#SLWC17: Meet the Speakers – An Interview with Aevitas Creative Management Agent Sarah Bowlin
by Maria Gagliano
Longtime book editor Sarah Bowlin made two epic changes this year: She moved from New York City to Los Angeles after more than a decade cramming her book collection into NYC-sized apartments. She also made the switch from working as an editor (first at Penguin and most recently at Henry Holt & Co.) to becoming an agent with Aevitas Creative Management. Broadly speaking, her work is the same—she is looking for talented debut authors so she can help launch their careers. The similarities end, and somewhat continue, there. We chatted with Sarah about her big changes, her big love for working with writers, and what she’s looking for as she builds her new list as an agent.
Sarah will share her insights on the delicate art of editing on the Slice Literary Writers’ Conference panel “Revise This, But Don’t Lose Your Voice,” on Sunday, September 10th in downtown Brooklyn. Conference attendees can also sign up to pitch their work to Sarah in person at a one-on-one meeting.
You just made the leap to becoming an agent after spending a decade as a book editor at Penguin and Henry Holt. What excites you most about the change?
#SLWC17: Meet the Speakers – An Interview with Folio Literary Management Agent Jeff Kleinman
by Maria Gagliano
The 7th annual Slice Literary Writers’ Conference in downtown Brooklyn is four months away, and to kick off the countdown, we’re chatting with some of the agents, editors, authors, and book pros who help make our community such a supportive environment. To start, we spoke with literary agent Jeff Kleinman about how he feels the book world has changed in recent years—and how it’s stayed the same—especially for emerging writers. Jeff will moderate the SLWC panel Welcome to the 2017 Book World on Sunday, September 10. Conference attendees can also sign up to pitch their work to Jeff in person at a one-on-one meeting.
So much has changed in the book industry in the last ten years. How have some of the biggest changes you’ve seen influenced the way emerging authors break into the industry?
Authors In Conversation
A Multilingual Most Exquisite Corpse Story | Co-Hosted by Slice & Words Without Borders at the PEN World Voices LitCrawl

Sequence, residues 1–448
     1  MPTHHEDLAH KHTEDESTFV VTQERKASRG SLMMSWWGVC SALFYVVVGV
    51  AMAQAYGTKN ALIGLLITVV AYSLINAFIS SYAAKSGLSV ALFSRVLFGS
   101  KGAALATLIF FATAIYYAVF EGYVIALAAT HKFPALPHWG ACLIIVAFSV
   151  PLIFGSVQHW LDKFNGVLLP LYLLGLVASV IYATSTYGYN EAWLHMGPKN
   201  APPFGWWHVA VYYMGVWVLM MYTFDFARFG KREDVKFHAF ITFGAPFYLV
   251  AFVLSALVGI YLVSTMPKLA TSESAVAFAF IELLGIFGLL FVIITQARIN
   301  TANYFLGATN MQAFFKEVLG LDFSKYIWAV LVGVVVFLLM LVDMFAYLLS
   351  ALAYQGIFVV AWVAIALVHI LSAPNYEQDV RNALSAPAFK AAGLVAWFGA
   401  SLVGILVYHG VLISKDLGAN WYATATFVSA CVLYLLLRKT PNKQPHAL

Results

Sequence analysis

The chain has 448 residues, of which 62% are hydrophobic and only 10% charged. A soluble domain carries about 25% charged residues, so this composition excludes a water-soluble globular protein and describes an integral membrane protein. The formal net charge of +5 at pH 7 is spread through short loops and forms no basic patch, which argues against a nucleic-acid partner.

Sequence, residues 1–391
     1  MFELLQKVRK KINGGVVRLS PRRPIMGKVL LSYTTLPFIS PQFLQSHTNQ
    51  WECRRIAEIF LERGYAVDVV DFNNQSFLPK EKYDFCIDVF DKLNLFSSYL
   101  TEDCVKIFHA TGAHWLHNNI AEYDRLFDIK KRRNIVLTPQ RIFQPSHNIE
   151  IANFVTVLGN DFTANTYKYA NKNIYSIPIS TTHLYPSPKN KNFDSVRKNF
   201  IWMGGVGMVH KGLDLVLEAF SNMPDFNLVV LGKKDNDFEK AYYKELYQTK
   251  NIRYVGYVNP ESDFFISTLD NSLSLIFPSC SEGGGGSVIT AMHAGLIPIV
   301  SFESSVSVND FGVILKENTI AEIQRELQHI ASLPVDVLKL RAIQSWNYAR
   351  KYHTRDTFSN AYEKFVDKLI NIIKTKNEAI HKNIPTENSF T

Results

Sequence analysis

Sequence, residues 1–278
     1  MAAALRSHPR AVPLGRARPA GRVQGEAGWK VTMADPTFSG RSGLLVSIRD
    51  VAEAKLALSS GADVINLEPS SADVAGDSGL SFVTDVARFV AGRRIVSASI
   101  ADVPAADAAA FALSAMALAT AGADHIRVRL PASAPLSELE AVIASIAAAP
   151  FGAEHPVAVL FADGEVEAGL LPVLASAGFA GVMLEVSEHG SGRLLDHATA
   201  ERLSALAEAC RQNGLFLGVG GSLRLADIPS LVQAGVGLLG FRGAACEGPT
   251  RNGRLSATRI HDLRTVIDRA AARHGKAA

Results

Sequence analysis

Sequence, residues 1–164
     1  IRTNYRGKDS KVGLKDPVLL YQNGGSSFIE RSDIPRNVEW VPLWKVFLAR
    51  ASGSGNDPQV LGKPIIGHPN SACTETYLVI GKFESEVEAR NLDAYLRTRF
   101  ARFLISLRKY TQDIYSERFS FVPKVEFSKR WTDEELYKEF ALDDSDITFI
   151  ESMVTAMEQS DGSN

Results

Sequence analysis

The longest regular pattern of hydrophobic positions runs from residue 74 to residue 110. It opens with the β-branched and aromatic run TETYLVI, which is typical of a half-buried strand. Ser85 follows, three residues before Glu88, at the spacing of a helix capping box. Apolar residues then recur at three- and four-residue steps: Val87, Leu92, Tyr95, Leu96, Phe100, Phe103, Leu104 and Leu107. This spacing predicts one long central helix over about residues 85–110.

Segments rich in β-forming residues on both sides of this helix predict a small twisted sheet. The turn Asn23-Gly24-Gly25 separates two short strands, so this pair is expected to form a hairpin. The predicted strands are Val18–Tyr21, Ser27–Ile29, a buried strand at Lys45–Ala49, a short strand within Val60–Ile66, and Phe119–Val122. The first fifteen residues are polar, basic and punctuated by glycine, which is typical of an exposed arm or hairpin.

by Filip Springer, Francisco Cantú, Abdourahman Waberi, and Karolina Ramqvist
Translated by Sean Gasper Bye, Francisco Cantú, José Garcia, David and Nicole Ball, and Saskia Vogel
Readers Sean Gasper Bye, Filip Springer, Francisco Cantú, José Garcia, Karolina Ramqvist, Corinna Barsan, Abdourahman Waberi, and Karen Phillips at Lit Crawl 2017. Photo by Savannah Whiting.
For the Lit Crawl portion of this year’s PEN World Voices Festival, Slice Literary and Words Without Borders partnered to present a multilingual exquisite corpse, a story written by four international writers—Filip Springer, Francisco Cantú, Abdourahman Waberi, and Karolina Ramqvist—and translated by Sean Gasper Bye, José Garcia, David and Nicole Ball, and Saskia Vogel.
Literal Magic: An Interview with Poet Kaveh Akbar
by Christopher Locke
Poet Kaveh Akbar understands what’s at stake: as a recovering alcoholic/addict, he knows his current reality as one of today’s most exciting voices in contemporary American poetry could just as easily not have been. Life is about choices. Simple as that. And Kaveh decided, no, he knew, in order to start living he had to choose to abandon those things which subtracted from life. And he knew moving forward he could only live one way: honestly. This truth is evident in the astounding poems which make up his first chapbook, Portrait of the Alcoholic. Searing and painful, hypnotic and surreal, his poems also find room for the sensual and the abundant; Kaveh praises living both as a spiritual being and a physical one. But the wolf is always present, and he knows that too. I spoke to Kaveh by phone on a dreary day in February from my office in upstate New York. But Kaveh’s genuine kindness, his thoughtful intelligence, and his love of language and of living—really, of magic—made everything a bit brighter that day.
An Interview With Manjula Martin
by Celia Johnson
When we talk to writers about their work, we tend to focus on craft. What inspired you to write your novel? Do you have any creative quirks? But rarely do we ask: How do you balance art and commerce? Did you struggle to pay the bills in those early days? Are you struggling now, after selling your first (second, third…) book? In her new anthology, Scratch, Manjula Martin invites emerging and established writers (Cheryl Strayed, Roxane Gay, Alexander Chee, Daniel José Older, among others) to strike up a conversation about making a living as a writer.